As a business owner, you must operate from premises that are safe and accessible to your team and all visitors. The sad truth is that some company leaders seldom conduct thorough accessibility reviews of their premises.
Accessibility in specific workplaces is inherently limited. But, for the majority of corporate premises, there’s no excuse not to make all areas accessible to everyone. With that in mind, here are five inspirational ways you can improve the accessibility at your business premises:
1. Entrances and Exits
When you work out how accessible your business premises are to staff and visitors, it makes sense to start with entrances and exits. If you have people trying to enter and exit the building in a wheelchair, is it easy for them to do so?
It makes sense to start by installing wheelchair-friendly ramps and access paths outside your building’s entrances and exits. Once that’s been sorted, the next step is to check door accessibility.
If you’ve only got standard manually-operated doors, it makes sense to work with an NDIS assistive technology provider. You’ll then end up with entrance and exit doorways that are accessible to everyone.
2. Internal step-free access
Next, you’ll need to determine how easy it would be for people to travel between rooms, offices, and floors at your premises. Do employees and visitors need to use stairs? If so, investing in step-free access ramps or lifts is a good idea.
Also, each internal doorway should be wide enough to accommodate wheelchair users and be easy to open.
3. Toilet facilities
If someone that is mobility-impaired works or visits your business, they’ll likely need to use your toilet facilities at some stage in the day. Have you made your toilets accessible to everyone?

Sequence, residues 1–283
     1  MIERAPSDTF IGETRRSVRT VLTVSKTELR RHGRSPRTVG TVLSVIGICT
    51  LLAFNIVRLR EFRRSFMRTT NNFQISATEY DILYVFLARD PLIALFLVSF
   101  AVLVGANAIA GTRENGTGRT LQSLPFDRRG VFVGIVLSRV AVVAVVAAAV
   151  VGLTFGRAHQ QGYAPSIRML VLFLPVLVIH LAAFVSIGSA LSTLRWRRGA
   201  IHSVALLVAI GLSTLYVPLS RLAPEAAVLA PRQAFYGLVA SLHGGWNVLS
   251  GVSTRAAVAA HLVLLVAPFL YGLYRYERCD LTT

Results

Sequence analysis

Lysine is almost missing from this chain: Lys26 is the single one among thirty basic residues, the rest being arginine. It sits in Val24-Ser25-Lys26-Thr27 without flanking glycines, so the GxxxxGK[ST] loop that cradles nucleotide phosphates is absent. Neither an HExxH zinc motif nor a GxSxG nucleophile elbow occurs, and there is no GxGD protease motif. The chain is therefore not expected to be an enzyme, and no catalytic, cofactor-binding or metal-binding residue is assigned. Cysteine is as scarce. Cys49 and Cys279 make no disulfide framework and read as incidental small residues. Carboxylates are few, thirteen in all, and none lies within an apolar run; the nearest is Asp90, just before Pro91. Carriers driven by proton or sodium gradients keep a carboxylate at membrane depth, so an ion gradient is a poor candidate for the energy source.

In most cases, it’s not difficult to convert one toilet cubicle for access by wheelchair users. Alternatively, you could create a new disabled toilet in a room that is separate to your existing cubicles.
Do your premises have lifts for people to access different floors? If so, they’ll already most likely be accessible to people in wheelchairs. The only things you need to confirm are:
- Lift call buttons are fitted at low levels to accommodate wheelchair users;
- Floor selection buttons and handrails are fitted at low levels.
Most commercial lifts are big enough to accommodate several people simultaneously using them. If your lifts can only carry a couple of people, it’s worth looking at upgrading to bigger, more modern units.
5. Gangways and Pathways
Whether you’re working somewhere or visiting the premises, you’ll need to travel in gangways and pathways. Is there enough space in those common areas for people using wheelchairs or walking frames?
The last thing people with mobility issues want to do is encounter gangways and pathways that are a tight squeeze. It makes sense to reorganise offices and workspaces so there’s plenty of space available to everyone that accesses them.